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IN order to introduce again new psychic stimuli, Mr. Hanna was taken to see a popular variety performance. During his university life he had undoubtedly been familiar with the theatre; since entering, however, into religious work, this mode of entertainment had been severely frowned upon. We hence chose this visit as an admirable stimulus, because of its decided novelty to his present life, but not altogether foreign to his former early life experience. We wished likewise to observe how the young clergyman in his present secondary mental state would regard the gayety and life which one sees at such a place. We must remember that Mr. Hanna had “never” (i.e., in his secondary state) been to theatre. Everything was new to him. The bright lights, the many faces, the brilliant costumes, the gay scenery, the witty remarks, the daring feats, the dancing, all greatly interested him. He was amazed, and absorbed everything with great avidity. He was frequently asked whether he enjoyed the scenes, and he invariably replied he did. It was amusing as well as instructive to see the naturally austere and dignified young minister readily learning in this his secondary state of mental metamorphosis to applaud the “highly” artistic, though somewhat ethically questionable, feats of the heel and toe.
Mr. Hanna drank two glasses of beer. When asked if he had tasted anything like that before, he replied he had not. “Do you like it?” he was asked, to which he said, “Oh, it tastes all right.” It is of interest to note that the taste of beer must have been familiar to his subconscious state, as it is rather improbable that a man tasting beer for the first time should find it “all right.” The beverage had been known to him in his early college days, as it was brought out in his “hypnoidic” dream state. In his present mental state, Mr. Hanna did not know that beer was any different in its nature than any of the non-alcoholic beverages. He drank the beer as a matter of course.
On his return home with us, Mr. Hanna at once retired. As usual, he was watched carefully during the night.
He awoke only once, at 3 A.M., but was then also in his secondary state. He awoke at seven and was found to be in the primary state. He was already familiar with his apartment, but the last thing he remembered was that he was sitting completely dressed in a chair. He could not understand how he should at this time be in bed with no recollection of how he got there.
Although Mr. Hanna in his secondary state had seen Dr. G. the night before, he now asked for him, saying he had not seen him since Wednesday (the last primary state). This time likewise on awakening, as in the last primary state, he complained of muscular weakness and pain in his back. He also complained of a buzzing in his ear as if a “brass band” were there. This was probably due to the impression made by hearing the brass band at the roof garden the night previously, when he was in the secondary state.
We took occasion to test Mr. Hanna’s memory in this primary state. The method of serial numerals was employed. His memory was, for new impressions, far less retentive than in, the secondary state.
At breakfast he engaged in a long discussion with Dr. S. concerning the various philosophers from Plato to Hegel. Tie ably discussed the significance for modern philosophy of the Cartesian principle, “cogito ergo sum.” He likewise discussed Kant, and said he had studied Baldwin’s Psychology. When Professor James's essays, which Dr. S. had in his hands, were shown him, Mr. Hanna smiled; said he knew of Professor James. He read paragraphs given to him with great ease and fully understood their meaning. One of the passages read had been given to him the day before, when in the secondary state. At that time he did not understand most of the words; the sense of the phrases was not comprehended at all, and as usual he said “never heard of Professor James.”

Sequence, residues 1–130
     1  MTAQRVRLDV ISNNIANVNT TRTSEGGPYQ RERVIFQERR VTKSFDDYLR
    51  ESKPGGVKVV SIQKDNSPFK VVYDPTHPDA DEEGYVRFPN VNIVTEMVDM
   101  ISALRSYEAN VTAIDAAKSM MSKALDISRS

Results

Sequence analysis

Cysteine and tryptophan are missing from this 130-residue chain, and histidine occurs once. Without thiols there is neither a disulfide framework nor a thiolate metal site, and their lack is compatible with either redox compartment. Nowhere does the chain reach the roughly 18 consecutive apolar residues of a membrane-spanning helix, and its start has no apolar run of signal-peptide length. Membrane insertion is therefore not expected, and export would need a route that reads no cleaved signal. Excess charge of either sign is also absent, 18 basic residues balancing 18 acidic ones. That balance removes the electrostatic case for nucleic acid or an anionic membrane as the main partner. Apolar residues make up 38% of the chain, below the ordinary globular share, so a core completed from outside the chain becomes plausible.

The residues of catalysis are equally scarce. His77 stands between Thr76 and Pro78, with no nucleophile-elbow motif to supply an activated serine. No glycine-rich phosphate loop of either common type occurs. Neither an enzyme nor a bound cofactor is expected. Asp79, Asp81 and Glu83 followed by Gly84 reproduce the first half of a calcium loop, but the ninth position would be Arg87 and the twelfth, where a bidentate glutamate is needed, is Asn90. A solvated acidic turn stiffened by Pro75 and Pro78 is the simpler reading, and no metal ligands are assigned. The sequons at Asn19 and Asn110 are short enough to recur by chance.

As it was Sunday, we determined to take Mr. Hanna to church. We went to attend the services of his uncle, a well-known preacher in New York. The exactness of Mr. Hanna’s memory was manifested when the question of his uncle’s residence arose. Mr. Hanna’s brother gave a street and number which he thought correct. Mr. Hanna at once changed the number, and it turned out that it was the correct one.
As we passed from the house to the street, he looked about with great curiosity. He did not recognize the scene as he had “never” been in this neighborhood when in the primary state. A few minutes later, as we were seated in the car, Mr. Hanna, in the same manner as previously described, fell into the hypnoleptic state. He remained in this state for about one minute. His eyes were firmly closed; he could not be aroused. We pricked him sharply with a pin, but he did not respond. Upon awaking, he complained at once of a feeling of pain where the pin-point had entered the skin, although he did not know the cause of the pain. He had passed into the secondary state. He remained in the primary state from 7.30 until 10 A.M. He was quite surprised to find himself seated with us in a Broadway cable-car. “Dear me!” exclaimed he, “I have the taste of that beer in my mouth yet.” (It will be remembered he had taken the beer when in his secondary state. In the primary state in which he had been previously, however, he had not complained of the taste, and knew nothing about having taken any.)